Meanwhile, airport expansion plans have felt an impact. Horry County Council approved the construction of up to 18 additional gates at the airport terminal, which was built in the 1970s.

Phased in construction has been decided upon instead of adding 18 gates at once because of the uncertainty in the airline industry and the economic downturn, Bourcier says.

Design has been narrowed to three schematics and the county council will vote on a final layout in October, she adds.


Smaller planes, bigger gains

Construction at Canada's Prince George Airport prompted WestJet to wet lease smaller aircraft.

The Canadian carrier normally flies 100-seat plus next generation Boeing 737 aircraft between Prince George and Vancouver. Because the main runway will be closed for centreline lighting installation next month, WestJet will fly 37- and 50-passenger seat Dash 8 aircraft from Hawkair Aviation.

Dash 8s will add about 20 minutes to the thrice daily flights, WestJet spokesman Robert Palmer tells me in an e-mail.

WestJet and others will use a 5,500 ft. (1,676 m) east-west runway during construction instead of the 7,400 ft. north-south runway.

Regional operator Air Canada Jazz also flies Dash 8s on Vancouver-bound flights. However, that airline will feel less of an impact because it flies regional jets and Dash 8s to the airport, Prince George Airport general manager Stieg Hoeg tells me.

Runway closure is part of the airport's plans to extend the north-south runway to 11,400 ft. in an attempt to diversify revenue by attracting cargo operators flying on crowded Asia-North America routes, Hoeg says.

For airlines flying from the Pearl River Delta to the southern USA, stopping at Prince George Airport offers some operating efficiency and fuel savings, Hoeg explains.

While no cargo carriers have signed on with the airport yet, a lot of airlines are looking for ways to cut fuel costs, he says.

In July, Canada's office of the Minister of Transport, Infrastructure and Communities approved the airport's participation in the international air cargo transshipment program.

The program enables the Canadian Transportation Agency (CTA) to authorize foreign carriers to ship cargo through the airport to third countries, even if such rights are not provided for in Canada's bilateral air transport agreements.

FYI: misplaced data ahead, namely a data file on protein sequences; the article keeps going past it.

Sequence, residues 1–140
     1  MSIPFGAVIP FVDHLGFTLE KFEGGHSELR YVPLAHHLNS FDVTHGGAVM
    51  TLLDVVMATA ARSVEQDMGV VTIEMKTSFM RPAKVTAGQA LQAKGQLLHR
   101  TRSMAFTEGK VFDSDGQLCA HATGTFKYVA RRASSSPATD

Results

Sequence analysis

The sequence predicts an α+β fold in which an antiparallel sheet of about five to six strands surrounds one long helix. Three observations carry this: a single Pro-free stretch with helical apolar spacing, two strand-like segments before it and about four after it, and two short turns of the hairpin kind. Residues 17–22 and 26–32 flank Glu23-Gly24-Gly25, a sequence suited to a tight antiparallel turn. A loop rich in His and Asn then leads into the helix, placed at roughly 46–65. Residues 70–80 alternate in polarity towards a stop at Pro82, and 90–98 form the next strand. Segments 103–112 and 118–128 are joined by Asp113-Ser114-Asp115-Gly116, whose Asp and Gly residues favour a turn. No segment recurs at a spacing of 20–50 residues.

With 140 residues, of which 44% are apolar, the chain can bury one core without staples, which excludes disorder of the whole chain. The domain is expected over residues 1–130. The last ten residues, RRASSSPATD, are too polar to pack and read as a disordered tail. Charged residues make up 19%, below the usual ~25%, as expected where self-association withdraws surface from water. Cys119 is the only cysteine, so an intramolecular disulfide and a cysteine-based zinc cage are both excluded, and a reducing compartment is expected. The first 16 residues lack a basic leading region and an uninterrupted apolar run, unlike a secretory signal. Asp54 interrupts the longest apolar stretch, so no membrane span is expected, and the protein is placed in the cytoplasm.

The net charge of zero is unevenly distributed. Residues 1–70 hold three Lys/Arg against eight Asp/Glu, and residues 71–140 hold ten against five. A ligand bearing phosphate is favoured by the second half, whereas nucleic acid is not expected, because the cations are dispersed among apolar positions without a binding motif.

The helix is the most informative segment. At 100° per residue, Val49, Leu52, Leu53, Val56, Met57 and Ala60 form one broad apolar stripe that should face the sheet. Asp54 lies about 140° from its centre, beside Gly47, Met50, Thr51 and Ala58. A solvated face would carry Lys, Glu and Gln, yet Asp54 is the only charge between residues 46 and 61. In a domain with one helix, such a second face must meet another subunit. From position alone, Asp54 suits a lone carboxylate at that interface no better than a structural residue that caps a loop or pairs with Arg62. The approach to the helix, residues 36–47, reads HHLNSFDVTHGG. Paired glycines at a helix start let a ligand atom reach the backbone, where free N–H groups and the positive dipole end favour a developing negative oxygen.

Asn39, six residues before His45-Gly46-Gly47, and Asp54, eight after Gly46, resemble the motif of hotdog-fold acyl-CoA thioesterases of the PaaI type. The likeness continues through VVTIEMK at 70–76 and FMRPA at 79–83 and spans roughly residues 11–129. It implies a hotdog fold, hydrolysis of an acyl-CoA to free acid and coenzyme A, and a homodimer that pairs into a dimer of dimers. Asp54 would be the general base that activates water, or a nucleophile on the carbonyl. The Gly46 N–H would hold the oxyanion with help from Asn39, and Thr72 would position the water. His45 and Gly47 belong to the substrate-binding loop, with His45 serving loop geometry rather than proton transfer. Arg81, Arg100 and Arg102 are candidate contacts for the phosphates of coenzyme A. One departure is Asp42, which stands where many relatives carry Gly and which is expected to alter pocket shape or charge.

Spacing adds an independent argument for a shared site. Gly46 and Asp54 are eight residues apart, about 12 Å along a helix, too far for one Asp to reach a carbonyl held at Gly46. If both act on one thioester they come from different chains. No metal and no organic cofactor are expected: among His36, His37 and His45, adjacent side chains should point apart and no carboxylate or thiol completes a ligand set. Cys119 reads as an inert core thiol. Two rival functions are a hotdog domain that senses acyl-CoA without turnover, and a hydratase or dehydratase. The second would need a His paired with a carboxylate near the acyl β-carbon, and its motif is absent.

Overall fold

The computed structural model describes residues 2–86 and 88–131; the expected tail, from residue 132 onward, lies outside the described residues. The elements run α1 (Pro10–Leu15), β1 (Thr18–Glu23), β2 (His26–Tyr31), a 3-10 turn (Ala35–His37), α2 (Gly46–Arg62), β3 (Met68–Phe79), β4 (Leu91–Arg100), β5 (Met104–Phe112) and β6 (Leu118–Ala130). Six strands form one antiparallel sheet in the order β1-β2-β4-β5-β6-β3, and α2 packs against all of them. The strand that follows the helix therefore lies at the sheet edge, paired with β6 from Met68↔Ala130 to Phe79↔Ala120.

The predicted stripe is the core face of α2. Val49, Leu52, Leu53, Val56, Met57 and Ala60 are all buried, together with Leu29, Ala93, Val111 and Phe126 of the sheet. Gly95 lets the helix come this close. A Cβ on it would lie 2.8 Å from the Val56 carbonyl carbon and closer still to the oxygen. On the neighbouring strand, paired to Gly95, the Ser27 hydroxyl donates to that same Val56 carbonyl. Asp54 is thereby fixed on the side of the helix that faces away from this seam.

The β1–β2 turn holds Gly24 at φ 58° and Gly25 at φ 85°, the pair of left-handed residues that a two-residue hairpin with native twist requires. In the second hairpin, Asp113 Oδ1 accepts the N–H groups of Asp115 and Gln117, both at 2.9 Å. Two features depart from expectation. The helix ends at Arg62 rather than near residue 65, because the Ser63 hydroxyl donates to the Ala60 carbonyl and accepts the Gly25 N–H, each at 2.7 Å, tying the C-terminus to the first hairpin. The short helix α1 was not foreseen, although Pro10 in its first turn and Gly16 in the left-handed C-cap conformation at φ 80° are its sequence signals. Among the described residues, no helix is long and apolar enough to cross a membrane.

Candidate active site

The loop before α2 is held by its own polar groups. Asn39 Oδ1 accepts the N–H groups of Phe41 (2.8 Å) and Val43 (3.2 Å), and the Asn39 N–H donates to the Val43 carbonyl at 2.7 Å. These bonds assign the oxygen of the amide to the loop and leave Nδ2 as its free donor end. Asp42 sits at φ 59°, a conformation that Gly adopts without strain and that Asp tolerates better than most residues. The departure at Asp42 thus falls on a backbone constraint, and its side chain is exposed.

New Caribbean Airport

St. Vincent and the Grenadines will replace its existing airport with a facility capable of accommodating international operations.

Existing E.T. Joshua airport can only accept short-range turboprop aircraft from neighbouring islands. Its runway is 4,700 feet.

Construction of the $217 million Argyle International airport will begin August 13. At present, only airfield design has been completed, a spokeswoman says in an e-mail. The terminal building, control tower and other facilities will be designed in the coming months, she adds.

The airport is expected to open on 375 acres on the eastern coast of St. Vincent by late 2011. The new airport is named for the coastal area on St. Vincent that it will occupy.

The new facility will have a 9,000-foot runway able to accommodate Boeing 747-400s, 737s, 767s, Airbus A300s and A320s and MD80 aircraft.

The existing airport will be converted for use by commercial properties and businesses.

Photo from Agency for Public Information (API) St. Vincent and the Grenadines.


Celebrity family feud

May this be the first and last time I ever cite People magazine on my blog, but this story is too juicy to pass.

Hairspray star Nikki Blonsky (right) and her father were arrested after fighting with the family of America's Next Top Model contestant Bianca Golden (left) in the departure lounge of the Providenciales International Airport in the Turks and Caicos Islands.

Golden was also charged with assault.

Poor airport staff. This isn't Los Angeles International Airport, people.

And you thought flying in the Bermuda Triangle was dangerous!


Pittsburgh Strikes a Pose

Eye candy at Pittsburgh International Airport goes beyond airplanes this fall.

Artist Nancy Judd’s recycled trash fashions will be on display today through December 31.

Six pairs of shoes can be found in Concourse C, including lacy shoes made recycled office paper. Two outfits will be in Concourse D.

Junk mail and how to reduce it is the theme of the exhibit, Judd says.

She likes to display her educational works at airports because of the large, broad audience she reaches.

Recycle Runway creations also include a vintage bathing suit decorated with colourful 2 HDPE post-consumer plastic from detergent bottles (pictured) and a 1950s-style cocktail dress adorned with rusty nails.

While the bathing suit isn’t at Pittsburgh, you can catch it at Atlanta Hartsfield Jackson International Airport starting in July 2009. Twenty looks will be on display in Concourse E for 12 months. Recycle Runway moves to Orlando International Airport in 2010.

(Photo from Nancy Judd)